Based on A Few Notes For Orpheus
Prompt: What does this text suggest about the ways in which individuals deal with the uncertainties of the past?
scars on my shoulder
My father held me aloft, over his head. My back was warmed by the sun that glinted gold off my spider-silk hair and I giggled. Laughter tumbled from my lips and spilled onto his beaming face. The golden barley in the field danced jubilantly. Yes, it seemed to whisper with certainty, this is happiness, this is your future, here you will stay.
My mother drifted toward us, barley parting by her hips. I didn’t see the exertion on her brow, didn’t know how feebly her heart pumped blood through her straining muscles, didn’t see her collapse, sinking into the barley. My father did.
My father dropped me to the dust, a scream issuing from his lips. I remember how soft the barley heads looked while I floated above, how little they cushioned my fall. I recall my father disappearing from view, tearing toward the collapsed figure across the field. I remember nothing else.
a quiet man
His radiant smile never found its way back to his lips after that day. He must have dropped it in the barley field when he frantically pulled my mother’s limp figure onto his lap. He must have checked for breath, sobbed when he felt none.
He lay perfectly still in his bed more and more, curtains drawn, eyes shut. After his smile, his vibrancy left him next; days in the dark whittled him away to nothing.
I raised myself, feeding steadily off my memories of sunlight and his strong embrace. Its enough, I told myself, he loved me proudly once, he loves me quietly now, and that is enough.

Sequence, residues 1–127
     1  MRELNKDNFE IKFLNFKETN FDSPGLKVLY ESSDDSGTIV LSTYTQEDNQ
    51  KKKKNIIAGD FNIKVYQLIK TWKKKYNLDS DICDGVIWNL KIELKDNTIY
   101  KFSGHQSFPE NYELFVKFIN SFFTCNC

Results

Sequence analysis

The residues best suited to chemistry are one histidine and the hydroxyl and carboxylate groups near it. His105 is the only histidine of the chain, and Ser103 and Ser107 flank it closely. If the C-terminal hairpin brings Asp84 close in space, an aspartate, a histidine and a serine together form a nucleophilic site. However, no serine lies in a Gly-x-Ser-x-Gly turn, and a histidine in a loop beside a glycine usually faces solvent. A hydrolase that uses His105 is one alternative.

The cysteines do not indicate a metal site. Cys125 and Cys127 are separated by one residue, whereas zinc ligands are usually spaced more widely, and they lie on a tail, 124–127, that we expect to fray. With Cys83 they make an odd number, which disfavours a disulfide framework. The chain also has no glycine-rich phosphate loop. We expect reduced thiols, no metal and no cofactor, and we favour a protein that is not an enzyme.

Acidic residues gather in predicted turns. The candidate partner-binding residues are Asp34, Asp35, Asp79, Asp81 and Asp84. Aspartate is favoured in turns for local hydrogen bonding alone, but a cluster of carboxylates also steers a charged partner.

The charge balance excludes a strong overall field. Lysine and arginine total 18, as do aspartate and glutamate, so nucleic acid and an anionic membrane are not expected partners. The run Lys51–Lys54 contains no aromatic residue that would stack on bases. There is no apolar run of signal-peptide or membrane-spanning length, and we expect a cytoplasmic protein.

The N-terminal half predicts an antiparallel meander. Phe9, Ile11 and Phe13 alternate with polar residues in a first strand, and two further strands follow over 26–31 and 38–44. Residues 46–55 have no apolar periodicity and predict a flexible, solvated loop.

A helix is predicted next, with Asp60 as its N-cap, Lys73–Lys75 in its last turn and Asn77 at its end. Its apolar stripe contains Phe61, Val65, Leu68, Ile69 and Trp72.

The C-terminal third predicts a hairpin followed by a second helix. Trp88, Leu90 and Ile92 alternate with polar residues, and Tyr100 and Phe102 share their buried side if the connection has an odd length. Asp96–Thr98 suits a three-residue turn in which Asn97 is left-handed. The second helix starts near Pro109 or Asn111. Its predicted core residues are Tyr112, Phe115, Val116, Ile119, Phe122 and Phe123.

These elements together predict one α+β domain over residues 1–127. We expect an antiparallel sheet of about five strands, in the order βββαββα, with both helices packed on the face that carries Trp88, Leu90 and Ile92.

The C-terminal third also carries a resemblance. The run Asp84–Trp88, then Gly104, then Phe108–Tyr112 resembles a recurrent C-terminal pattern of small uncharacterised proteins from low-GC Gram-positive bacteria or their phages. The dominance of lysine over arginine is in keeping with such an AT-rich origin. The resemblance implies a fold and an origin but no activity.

It wasn’t enough.
One day he whispered my name and I drew close.
“I’m not much of a father to you Kate.”
I bit my lip
“I wish, I wish, I could be.”
I longed to hear the words, “I love you Kate, you know I do.” And I felt them in the air between us. Both of us knew he had not the strength to say them. I wanted the certainty of knowing now, not just faded recollections.
I turned away. I wanted to reassure him. To hold his gossamer hand in mine. But something bit into my throat and crushed my lungs. I left him there, his hand still outstretched. It was unfair; I deserved more.
The sunlit memories faded to flashes and colours, the feeling of golden warmth grew cold. And on my eighteenth birthday, he slipped as quietly from his life as he slipped from mine. After a fittingly quiet funeral, I left the farm. My feet had traced this path a thousand times. I slipped silently through the barley, knowing well my feet would never touch this dusty earth again.
My baby boy came into this world screaming. I held him close to my chest and let a silent prayer tumble from my lips to his forehead. I lay in the hospital room alone, my baby and I. We left the hospital alone. We arrived at an empty house.
Before my baby could speak, we began a ritual. I would hold his hands and look into his eyes, see how the light danced in them.
“ I love you Gus. Did you know that? That I love you?”
I’d wrap him in a hug so tight he’d squirm. I knew he’d grow tired of it, embarrassed, one day. I didn’t care. I gave him certainty, a steady foundation to grow from. It was the only choice. I knew the alternative too well.
Gus never realised it, but as we filled the house with laughter and sunlight and drawings pinned to the walls, something inside me began to fill too. An emptiness I had believed to be tattooed on my heart faded with each golden day.
My baby and I both lost the security of a third set of arms before he ever tasted it. I suppose my father had lost that too, years ago. But I refused to let my arms hang down at my sides, to shrivel and grow pallid beneath the smothering comfort of a blanket. I deserved better, my baby deserves better.
No, we face the blinding sun together, let it warm our hearts, and shake free of the dusty earth that clings so easily to those who lose momentum.